Currently, there are a lot of moving parts in capital markets that are keeping investors on their toes. If it’s not exploding sovereign bond yields or new yearly high crude prices, then it’s the dollar that’s causing dealers and investors most of the pain. Speculators are trying to pick tops and bottoms pre-NFP, but most of their newly minted positions have become quickly over stretched and only compounding some of the market price moves.
The EUR (€1.1219) is being led by moves in longer dated bonds. The German Bund continues to sell off rapidly. The 10-Year yield is currently at +0.58% – it’s highest since before the ECB in January announced its intention to launch QE. Two-week’s ago German 10’s hit an all time low of +0.05%, spurring predictions of zero or even negative yields on Europe’s benchmark bond. The market call for the “greatest short of a lifetime” ignited the spike in bond yields, and a massive bear steepening of the German curve.
No Relief in Spreads
The back up in Bunds has caused the 10-year US/Bund spread to tighten -19bps to +165bps over the past week. Currently, the market is technically straddling its March low print and a momentum break through +160bp should spur only more EUR/USD buying, exposing the vulnerable short EUR positions in front of the psychological €1.1300 print. The EUR bear will be hoping that German 10’s yielding +0.58% will hold, otherwise much more significant losses can be expected to the +0.70% region or even +0.81% on cash.
This morning’s euro data is also providing the single unit some support. Major European Services PMI are improving (54.1 – Spain, Italy, France and euro zone all beat expectations and remain in growth territory; while Germany missed but stays in growth territory). The region seems to be finally emerging from its long period of near stagnation, aided by lower oil prices, a weakening EUR and strengthened confidence following the ECB launch of its QE program in March.
U.S Fundamentals producing mixed results
The U.S Treasury bond selloff really reignited yesterday and this despite disappointing U.S trade data. The headline print was distorted by the west coast ports strike. The trade deficit rose +43% y/y to +$51.5B in March (a six-month high), reflecting a surge of imports that followed the settlement of the port dispute. Exports edged up +0.9% to $187.8B, but imports leaped a record +7.7% to $239.2B. Nevertheless, the dollar has taken the bulk of the pain, trading under pressure against G7 currencies, as the trade numbers were viewed as being less favorable than those used to calculate advance U.S Q1 GDP. The market now expects Q1 GDP to be revised down, even a potential drop into negative territory. This is allowing the market to bet on a Fed lower for longer, which is undercutting the long USD trade premise.
The ISM service reading (57.8) was unmistakably positive, with strong showings in the new orders and employment components. Maybe this morning U.S ADP nonfarm employment change (+199k e) will give the dollar a lift? If not, Friday’s highly anticipated NFP report is sure to cause some one way or another. A strong report (+223k and +5.4%) will satisfy dollar bulls and have fixed income traders repricing the Fed’s first-rate hike. A similar print to last months disappointing headline (+126k +5.5%) and dollar naysayers will have control.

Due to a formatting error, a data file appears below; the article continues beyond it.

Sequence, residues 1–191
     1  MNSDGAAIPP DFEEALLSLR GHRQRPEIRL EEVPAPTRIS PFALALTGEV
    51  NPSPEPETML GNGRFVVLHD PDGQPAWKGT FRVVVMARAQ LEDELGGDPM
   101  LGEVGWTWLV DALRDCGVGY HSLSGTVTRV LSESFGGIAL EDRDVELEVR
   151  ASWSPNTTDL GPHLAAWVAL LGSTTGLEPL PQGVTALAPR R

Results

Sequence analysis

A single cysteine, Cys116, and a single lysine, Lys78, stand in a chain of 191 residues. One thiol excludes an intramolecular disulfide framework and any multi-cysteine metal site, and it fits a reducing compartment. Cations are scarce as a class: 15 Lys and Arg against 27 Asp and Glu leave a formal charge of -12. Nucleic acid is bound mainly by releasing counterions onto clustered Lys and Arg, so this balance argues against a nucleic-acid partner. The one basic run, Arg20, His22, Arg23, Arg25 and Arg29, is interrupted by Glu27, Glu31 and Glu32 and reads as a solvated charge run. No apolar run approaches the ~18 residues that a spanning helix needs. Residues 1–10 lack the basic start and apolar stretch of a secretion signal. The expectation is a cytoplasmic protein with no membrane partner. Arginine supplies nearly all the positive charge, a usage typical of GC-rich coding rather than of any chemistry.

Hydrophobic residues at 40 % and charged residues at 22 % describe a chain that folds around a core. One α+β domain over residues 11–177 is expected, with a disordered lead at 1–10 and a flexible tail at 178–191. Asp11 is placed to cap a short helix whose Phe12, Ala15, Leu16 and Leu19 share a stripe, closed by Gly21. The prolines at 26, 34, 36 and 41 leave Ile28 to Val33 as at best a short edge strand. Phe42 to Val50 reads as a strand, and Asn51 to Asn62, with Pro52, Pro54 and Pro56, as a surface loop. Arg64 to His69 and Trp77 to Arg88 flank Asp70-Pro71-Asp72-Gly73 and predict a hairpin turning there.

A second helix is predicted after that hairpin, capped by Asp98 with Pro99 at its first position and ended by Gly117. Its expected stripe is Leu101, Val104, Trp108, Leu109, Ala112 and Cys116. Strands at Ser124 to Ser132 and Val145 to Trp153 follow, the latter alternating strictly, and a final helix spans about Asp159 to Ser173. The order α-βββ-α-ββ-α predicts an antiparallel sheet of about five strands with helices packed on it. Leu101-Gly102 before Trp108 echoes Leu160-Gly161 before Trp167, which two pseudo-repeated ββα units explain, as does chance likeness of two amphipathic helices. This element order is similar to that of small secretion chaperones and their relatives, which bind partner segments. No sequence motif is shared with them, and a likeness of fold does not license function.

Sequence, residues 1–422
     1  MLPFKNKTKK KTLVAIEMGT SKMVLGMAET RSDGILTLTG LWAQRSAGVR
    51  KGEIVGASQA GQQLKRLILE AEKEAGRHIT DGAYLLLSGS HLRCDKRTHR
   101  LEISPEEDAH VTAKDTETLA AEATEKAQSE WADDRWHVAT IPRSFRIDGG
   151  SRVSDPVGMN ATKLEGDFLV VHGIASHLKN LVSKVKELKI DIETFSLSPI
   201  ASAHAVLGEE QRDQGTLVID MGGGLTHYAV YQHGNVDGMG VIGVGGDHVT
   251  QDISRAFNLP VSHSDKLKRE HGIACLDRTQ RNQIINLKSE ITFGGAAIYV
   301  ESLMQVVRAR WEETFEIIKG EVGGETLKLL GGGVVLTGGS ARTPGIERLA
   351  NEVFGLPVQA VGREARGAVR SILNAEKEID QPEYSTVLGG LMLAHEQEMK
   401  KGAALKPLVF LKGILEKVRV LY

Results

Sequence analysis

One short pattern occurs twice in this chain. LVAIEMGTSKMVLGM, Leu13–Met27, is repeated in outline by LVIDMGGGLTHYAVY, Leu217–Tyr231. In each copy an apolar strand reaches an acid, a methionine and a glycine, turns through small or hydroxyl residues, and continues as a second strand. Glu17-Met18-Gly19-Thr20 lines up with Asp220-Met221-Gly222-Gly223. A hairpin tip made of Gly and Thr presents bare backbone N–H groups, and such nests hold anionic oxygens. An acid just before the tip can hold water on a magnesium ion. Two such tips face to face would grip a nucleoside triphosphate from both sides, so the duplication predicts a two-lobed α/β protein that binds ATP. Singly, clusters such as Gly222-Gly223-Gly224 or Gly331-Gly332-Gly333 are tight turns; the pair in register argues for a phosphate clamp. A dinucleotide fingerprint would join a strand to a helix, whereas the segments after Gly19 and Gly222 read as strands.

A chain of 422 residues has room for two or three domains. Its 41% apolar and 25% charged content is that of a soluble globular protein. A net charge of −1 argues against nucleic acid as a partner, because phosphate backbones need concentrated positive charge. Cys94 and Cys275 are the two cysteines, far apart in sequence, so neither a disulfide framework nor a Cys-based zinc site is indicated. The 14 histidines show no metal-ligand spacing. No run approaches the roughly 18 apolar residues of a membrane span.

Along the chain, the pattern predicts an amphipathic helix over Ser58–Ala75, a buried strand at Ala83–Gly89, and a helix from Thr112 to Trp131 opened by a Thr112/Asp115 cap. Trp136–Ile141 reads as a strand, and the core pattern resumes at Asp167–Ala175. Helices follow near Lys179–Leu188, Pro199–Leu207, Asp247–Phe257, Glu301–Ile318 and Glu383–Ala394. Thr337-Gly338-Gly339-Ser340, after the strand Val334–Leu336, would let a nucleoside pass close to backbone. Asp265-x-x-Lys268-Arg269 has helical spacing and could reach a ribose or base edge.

U.K economy: ‘Eggs all in one basket’
U.K’s Prime Minister Cameron is getting very few breaks. Just one day ahead of the U.K’s general election, the Conservatives continue to champion economic growth as a key achievement of their government. Data this morning confirms that the story of the U.K recovery continues to be limited to services (80% of the economy). Today’s services PMI print (59.5) recorded an eight-month high in activity, soundly beating manufacturing and construction. April’s GDP figures suggested that the U.K economy continues to remain overreliant on services sector for economic growth.
Even before today’s PMI print the pound (£1.5180) has been struggling to attract friends ahead of tomorrows opening polls. Sterling’s price action this morning is putting support at £1.5120 at risk that guards Tuesday’s bear trap low at £1.5091. The GBP bear’s believe that a breach of this week’s low will open the doors to a new downside risk to £1.4840 very quickly. On the EUR/GBP cross a new ten-week high has been already been achieved 0.7416.
Commodity currencies supported by crude
Aussie, loonie and NOK continue to be supported by the recent surge in crude prices. WTI crude is up nearly +$2.50 since yesterday, and trades north of $60 p.b. (+$61.81), while Brent is trading firmly above $68 – prices last seen in December. The ‘black stuff’ is being supported by reports of Yemen rebel activity and OPEC’s officials stating yesterday that improved pricing over recent months means the cartel will most likely maintain its production quotas at the June 5th OPEC meeting. A weaker USD is again a problem, and the market does not seem too surprised to see further upside from here. Obviously that will depend on yields and how this week’s job reports will shape the dollar’s next move.